Weighty matters

With highly experienced back-row duo, Courtney Lawes and Lewis Ludlam leaving his club Northampton after this weekend’s Gallagher Premiership final, next season could be a big breakthrough year for Pollock on a domestic front, too.

In preparation for the senior rugby that lies head, Pollock has been on an intensive weight-gaining programme that has seen him put on five to seven kilos in the last couple of months. He now clocks the scales at 107kgs.

“I’ve just come off five-week gym block at the club,” he revealed, shortly before England’s departure to Tbilisi.

“It’s been quite hard because I have been doing eight to nine gym sessions a week and eating until you almost can’t eat any more, and then repeating it again the next day.

“Hopefully, putting on a bit of size will benefit me in some of the smaller aspects of the game.

“I think is a balance between not being too big, so you’re not mobile enough, and also being big enough to take the impacts.

“I trust Saints, 100 per cent. They have been really good with me but hopefully I won’t have to do too much more.”

Pollock has more than enough on his plate for now, what with the games against Georgia looming, and then a pool schedule that is definitely not for the faint-hearted. England have been drawn in Pool C with hosts South Africa, Argentina and Fiji.

“You look at those kind of teams and you have basically got every single kind of playing style in that pool,” he acknowledged.

“You’ve got the Fijians who want to move the ball and play fast and play on top of you, then you’ve got the South Africans who don’t mind a scrum or two and will try and play it through the forwards, and Argentina are probably a blend of both.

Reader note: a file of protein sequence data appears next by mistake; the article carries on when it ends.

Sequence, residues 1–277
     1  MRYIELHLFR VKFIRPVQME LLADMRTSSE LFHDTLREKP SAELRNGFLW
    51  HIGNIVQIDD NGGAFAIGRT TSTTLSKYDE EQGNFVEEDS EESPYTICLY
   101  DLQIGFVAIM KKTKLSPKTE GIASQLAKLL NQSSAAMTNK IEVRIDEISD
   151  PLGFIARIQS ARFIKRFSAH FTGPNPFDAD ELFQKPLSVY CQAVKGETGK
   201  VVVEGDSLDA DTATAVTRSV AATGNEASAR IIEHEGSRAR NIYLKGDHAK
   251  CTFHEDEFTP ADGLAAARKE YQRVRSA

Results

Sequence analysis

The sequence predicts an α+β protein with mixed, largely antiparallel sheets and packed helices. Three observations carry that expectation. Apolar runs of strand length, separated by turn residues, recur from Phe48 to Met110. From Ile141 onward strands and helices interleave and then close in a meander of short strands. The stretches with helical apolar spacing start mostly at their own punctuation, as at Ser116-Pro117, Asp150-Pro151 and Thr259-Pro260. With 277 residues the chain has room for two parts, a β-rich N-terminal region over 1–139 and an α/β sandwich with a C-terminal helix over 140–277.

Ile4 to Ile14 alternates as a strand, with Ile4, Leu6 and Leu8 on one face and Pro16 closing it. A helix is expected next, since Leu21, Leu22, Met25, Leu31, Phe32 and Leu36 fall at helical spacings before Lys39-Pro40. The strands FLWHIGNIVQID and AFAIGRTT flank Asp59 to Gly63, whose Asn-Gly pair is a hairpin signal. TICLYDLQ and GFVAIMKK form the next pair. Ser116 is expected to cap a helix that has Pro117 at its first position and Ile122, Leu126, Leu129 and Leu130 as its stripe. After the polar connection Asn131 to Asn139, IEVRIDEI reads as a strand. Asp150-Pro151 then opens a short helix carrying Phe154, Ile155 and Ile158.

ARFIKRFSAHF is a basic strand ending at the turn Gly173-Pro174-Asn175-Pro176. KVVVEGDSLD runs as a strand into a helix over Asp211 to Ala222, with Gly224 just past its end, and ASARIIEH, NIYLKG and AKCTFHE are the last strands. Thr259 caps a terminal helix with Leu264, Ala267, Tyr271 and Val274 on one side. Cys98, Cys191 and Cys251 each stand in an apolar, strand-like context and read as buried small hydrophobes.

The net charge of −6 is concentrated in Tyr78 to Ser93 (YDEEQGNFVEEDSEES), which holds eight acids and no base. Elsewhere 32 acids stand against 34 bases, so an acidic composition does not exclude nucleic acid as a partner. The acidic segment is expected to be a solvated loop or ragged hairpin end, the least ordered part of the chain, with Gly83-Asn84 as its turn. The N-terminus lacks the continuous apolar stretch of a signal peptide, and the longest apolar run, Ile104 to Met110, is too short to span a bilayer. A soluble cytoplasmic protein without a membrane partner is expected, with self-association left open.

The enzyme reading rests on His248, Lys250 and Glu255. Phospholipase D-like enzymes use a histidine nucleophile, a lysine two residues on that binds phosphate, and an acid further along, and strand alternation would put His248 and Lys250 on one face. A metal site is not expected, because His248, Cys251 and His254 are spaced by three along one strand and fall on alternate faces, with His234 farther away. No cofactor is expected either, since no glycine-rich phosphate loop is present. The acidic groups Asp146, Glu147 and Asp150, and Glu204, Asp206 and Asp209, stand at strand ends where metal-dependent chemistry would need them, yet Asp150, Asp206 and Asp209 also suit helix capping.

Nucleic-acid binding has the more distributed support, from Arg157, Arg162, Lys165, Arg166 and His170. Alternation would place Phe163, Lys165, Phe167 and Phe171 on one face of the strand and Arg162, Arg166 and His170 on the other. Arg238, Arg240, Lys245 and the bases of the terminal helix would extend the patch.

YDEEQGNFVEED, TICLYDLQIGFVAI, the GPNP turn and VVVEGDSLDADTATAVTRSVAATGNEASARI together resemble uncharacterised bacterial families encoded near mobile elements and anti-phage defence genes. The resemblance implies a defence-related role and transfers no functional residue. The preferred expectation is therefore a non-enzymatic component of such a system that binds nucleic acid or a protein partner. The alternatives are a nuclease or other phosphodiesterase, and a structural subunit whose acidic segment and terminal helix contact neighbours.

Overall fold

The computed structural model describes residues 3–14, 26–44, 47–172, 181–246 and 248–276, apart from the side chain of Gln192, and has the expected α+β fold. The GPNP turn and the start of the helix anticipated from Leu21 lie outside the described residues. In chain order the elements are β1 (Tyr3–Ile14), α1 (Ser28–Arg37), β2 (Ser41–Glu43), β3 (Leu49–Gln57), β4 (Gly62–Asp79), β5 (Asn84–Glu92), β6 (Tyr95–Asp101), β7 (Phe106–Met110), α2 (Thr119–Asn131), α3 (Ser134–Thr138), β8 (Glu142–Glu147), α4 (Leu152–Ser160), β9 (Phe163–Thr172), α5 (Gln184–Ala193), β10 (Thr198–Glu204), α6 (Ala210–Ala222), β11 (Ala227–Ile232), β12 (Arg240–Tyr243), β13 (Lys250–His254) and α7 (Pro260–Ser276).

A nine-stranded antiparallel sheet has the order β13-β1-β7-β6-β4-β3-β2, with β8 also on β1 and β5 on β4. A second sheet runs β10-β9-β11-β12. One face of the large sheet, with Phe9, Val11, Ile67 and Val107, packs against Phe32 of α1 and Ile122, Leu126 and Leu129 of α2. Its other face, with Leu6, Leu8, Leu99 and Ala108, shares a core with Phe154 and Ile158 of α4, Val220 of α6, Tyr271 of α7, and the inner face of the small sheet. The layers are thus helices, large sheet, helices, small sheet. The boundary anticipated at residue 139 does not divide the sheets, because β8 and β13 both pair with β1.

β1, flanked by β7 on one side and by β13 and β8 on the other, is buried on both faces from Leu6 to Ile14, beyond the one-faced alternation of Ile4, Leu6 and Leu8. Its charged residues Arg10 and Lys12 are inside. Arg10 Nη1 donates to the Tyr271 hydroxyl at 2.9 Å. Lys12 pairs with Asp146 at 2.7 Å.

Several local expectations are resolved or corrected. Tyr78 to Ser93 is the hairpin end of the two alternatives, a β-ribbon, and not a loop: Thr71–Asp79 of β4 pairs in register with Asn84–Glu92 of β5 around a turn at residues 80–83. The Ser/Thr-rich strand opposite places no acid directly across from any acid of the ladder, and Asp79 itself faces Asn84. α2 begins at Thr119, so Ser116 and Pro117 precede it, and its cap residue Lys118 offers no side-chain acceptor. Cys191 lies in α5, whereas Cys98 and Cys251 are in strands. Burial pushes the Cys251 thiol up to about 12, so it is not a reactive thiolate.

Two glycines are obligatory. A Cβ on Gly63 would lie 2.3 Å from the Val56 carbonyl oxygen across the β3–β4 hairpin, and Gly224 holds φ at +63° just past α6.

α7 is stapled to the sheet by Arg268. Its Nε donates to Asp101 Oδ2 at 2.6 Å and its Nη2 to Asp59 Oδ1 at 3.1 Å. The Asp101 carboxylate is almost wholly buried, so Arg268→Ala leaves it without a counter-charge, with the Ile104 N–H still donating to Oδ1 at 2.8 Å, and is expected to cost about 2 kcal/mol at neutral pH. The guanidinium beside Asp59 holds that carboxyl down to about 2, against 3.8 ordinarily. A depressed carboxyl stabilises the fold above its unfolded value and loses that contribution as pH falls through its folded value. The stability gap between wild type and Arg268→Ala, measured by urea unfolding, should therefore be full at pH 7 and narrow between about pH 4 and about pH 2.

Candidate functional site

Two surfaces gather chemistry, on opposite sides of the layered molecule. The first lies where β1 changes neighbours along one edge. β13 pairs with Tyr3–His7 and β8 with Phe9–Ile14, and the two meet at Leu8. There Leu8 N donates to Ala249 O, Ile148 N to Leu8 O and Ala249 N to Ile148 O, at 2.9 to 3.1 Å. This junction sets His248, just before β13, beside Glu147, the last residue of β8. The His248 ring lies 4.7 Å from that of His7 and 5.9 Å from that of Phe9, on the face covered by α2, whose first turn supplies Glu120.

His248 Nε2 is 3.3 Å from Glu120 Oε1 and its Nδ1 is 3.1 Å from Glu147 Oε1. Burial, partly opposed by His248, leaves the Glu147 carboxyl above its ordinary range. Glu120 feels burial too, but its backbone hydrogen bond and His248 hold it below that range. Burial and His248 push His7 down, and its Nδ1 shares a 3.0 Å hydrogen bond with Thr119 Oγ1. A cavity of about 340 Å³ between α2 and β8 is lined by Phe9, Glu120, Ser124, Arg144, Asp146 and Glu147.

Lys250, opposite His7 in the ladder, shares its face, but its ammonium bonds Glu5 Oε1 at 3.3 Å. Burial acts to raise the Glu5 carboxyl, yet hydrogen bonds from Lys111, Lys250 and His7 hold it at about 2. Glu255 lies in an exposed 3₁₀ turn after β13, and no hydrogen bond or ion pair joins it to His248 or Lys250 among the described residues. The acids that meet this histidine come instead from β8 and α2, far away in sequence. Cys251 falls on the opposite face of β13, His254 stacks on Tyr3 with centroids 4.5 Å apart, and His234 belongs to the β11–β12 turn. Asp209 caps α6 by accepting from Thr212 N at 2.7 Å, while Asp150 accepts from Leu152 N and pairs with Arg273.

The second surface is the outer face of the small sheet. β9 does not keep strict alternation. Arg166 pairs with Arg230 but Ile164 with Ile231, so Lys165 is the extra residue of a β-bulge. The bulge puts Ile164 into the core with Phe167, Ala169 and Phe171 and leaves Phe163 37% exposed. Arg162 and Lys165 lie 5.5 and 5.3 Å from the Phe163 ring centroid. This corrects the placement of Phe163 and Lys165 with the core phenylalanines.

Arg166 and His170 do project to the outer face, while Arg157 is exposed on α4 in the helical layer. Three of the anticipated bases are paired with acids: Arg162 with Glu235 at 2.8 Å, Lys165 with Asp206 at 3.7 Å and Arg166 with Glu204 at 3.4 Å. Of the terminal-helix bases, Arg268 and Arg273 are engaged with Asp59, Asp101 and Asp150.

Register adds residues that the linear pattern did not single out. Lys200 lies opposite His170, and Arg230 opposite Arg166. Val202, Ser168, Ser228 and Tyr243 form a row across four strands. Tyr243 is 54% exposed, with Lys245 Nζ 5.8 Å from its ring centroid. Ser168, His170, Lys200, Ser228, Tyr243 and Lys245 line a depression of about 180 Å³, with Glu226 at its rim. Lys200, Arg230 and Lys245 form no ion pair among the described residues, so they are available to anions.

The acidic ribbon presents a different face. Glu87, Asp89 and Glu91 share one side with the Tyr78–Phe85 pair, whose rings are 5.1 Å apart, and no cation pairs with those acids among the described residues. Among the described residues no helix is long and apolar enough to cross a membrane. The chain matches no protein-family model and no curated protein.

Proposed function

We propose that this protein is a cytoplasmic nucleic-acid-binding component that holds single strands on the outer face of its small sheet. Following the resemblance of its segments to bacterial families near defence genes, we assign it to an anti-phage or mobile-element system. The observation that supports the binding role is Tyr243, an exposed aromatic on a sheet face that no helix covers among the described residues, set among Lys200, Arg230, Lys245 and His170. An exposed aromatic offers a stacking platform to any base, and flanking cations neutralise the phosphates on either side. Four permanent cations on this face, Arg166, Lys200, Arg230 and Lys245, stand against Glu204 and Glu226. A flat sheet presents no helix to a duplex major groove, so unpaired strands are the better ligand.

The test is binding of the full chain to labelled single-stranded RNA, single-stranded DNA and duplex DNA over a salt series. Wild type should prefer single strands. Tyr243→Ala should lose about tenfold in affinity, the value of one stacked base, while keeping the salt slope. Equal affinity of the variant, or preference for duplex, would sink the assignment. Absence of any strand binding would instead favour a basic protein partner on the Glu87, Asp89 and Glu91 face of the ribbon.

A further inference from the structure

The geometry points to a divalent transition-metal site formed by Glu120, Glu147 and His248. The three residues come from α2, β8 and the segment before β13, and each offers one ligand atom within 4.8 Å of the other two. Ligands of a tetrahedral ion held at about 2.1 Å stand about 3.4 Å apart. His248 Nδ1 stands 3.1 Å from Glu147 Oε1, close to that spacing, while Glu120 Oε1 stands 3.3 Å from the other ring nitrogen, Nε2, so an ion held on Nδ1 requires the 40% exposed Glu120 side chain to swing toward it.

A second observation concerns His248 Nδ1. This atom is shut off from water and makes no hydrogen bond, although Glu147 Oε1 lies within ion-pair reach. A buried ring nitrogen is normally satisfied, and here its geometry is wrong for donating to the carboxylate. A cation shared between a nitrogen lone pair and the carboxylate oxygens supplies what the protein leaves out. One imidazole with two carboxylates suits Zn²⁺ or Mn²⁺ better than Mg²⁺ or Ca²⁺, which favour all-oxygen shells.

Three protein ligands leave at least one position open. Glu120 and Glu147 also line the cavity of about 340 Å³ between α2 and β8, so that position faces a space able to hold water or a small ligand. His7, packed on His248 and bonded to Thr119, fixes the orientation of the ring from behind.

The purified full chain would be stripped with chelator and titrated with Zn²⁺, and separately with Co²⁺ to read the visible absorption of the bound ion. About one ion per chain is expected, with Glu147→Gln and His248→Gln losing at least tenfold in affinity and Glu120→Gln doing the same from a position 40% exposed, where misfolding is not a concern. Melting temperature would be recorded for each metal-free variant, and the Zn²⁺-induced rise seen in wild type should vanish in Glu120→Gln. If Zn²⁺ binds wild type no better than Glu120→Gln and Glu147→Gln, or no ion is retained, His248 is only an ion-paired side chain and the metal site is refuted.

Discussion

“The warm-up games are going to be great for us and, hopefully, will give us the best platform to build into that and go into the World Cup flying.

“Georgia will give us a great chance to be where we need to be physically. But they can move the ball as well. They will want to show themselves as much as we do. And at the end of the day, it is still a test match.”

Stepping up

After Friday’s encounter at Avchala Stadium, the teams will meet again at the same venue on Wednesday, 12 June.

England’s U20 Championship campaign begins against Los Pumitas on 29 June, followed by the game against Fiji on 4 July. The eagerly-awaited meeting with South Africa, on 9 June, rounds off the pool stage with only the pool winners guaranteed a spot in the semi-finals.

While his focus is on what lies immediately ahead, Pollock takes inspiration from how quickly Chandler Cunningham-South stepped up from the U20s to make his senior bow with England.

"Chandler came out of the World Cup and went straight into it so he has gone from strength to strength which is great to see so it gives you the confidence that you are not too far off that level. We spoke about it a bit in the Six Nations

"As a group we don’t try and look ahead too much because if you get too far ahead of yourself then you don’t really focus on what you need to get better at day by day, and I think that’s the group mentality at the minute. But it is always in the back of your mind."